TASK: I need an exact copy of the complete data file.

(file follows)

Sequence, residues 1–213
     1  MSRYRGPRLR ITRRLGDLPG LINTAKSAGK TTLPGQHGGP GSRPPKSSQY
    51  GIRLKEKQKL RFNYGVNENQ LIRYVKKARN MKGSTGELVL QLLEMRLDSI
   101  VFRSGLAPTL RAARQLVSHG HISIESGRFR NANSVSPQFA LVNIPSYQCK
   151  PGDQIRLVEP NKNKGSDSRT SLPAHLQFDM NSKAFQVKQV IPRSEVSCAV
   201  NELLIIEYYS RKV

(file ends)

Sequence, residues 1–213
     1  MSRYRGPRLR ITRRLGDLPG LINTAKSAGK TTLPGQHGGP GSRPPKSSQY
    51  GIRLKEKQKL RFNYGVNENQ LIRYVKKARN MKGSTGELVL QLLEMRLDSI
   101  VFRSGLAPTL RAARQLVSHG HISIESGRFR NANSVSPQFA LVNIPSYQCK
   151  PGDQIRLVEP NKNKGSDSRT SLPAHLQFDM NSKAFQVKQV IPRSEVSCAV
   201  NELLIIEYYS RKV